Spring TV Roundup, Week 4

We’re past Mother’s Day but continuing to see a flood of new offerings as we turn the corner from Spring toward Summer. Perhaps you have some more free time, or you feel like kicking back and watching a show. But which of these new offerings is worth your time to binge? Let this weekly post be your guide as I look at the pilot and second episode of new scripted series this Spring. Don’t see a new show listed below? Check previous weeks.

Mondays:
Candy, Now Streaming on Hulu (Premiered May 9)
About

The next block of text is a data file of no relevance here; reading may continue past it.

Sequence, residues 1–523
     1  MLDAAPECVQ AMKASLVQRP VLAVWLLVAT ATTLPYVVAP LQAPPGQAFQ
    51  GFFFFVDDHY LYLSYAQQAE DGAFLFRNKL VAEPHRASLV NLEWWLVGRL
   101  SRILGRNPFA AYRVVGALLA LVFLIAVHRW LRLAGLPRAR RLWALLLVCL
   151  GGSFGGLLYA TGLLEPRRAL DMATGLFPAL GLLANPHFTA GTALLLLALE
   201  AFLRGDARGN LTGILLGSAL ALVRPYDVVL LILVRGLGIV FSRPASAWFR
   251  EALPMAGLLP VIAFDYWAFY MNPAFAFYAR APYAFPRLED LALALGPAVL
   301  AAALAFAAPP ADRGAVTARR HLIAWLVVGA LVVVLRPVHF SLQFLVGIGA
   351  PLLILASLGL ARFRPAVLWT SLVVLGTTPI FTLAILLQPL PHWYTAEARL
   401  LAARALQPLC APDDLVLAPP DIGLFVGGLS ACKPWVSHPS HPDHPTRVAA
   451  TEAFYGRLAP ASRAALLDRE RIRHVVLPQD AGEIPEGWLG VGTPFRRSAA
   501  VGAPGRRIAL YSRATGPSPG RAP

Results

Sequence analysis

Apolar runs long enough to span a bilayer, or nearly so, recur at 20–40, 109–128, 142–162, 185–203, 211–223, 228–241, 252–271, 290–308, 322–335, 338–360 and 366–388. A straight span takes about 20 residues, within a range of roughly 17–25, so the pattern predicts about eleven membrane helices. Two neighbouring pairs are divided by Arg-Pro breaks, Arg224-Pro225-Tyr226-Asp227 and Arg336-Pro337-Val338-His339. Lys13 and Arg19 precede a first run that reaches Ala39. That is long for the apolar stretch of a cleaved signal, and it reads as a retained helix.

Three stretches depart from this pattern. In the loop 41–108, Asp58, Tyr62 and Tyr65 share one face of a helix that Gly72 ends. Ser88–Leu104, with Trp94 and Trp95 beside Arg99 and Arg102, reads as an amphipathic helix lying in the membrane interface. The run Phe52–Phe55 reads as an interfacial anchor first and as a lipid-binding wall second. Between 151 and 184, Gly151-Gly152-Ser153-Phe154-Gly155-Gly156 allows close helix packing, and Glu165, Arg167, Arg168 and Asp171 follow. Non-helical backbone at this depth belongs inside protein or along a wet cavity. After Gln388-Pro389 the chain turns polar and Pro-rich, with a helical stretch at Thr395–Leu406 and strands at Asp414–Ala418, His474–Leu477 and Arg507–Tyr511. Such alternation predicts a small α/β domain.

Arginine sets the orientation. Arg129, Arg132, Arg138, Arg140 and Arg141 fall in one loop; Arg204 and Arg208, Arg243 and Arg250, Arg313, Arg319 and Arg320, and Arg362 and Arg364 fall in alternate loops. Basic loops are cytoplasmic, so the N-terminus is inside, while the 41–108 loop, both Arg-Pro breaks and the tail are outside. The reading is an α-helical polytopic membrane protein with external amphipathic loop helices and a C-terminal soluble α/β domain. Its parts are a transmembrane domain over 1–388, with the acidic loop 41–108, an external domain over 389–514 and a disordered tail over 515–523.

: This mini-series focuses on the true story of a Texas housewife, Candy Montgomery (Jessica Biel), who in 1980 was accused of killing her friend, Betty Gore (Melanie Lynskey). The five-part mini-series is airing over five consecutive days, something a little different for Hulu. The first part premiered Monday, with subsequent episodes dropping daily through Friday. The production is strong with the first episode taking place on the day of the murder. We’re introduced to both Candy and Betty, and see their lives play out before their fateful meeting. The rest of the episode is about Betty’s husband, Allan (Pablo Schreiber) trying to get a hold of his wife and enlisting some neighbors to do a wellness check. The pilot ends with the discovery of Betty’s body. The rest of the series will run through the investigation and trial, the results of which you can find on the Internet if you don’t want to wait. Biel was strong in the pilot and the series has more of an engaging hook than the glut of true crime stories we’ve seen adapted so far this year. I enjoyed it quite a bit and I’m curious to see where this five-part mini-series goes.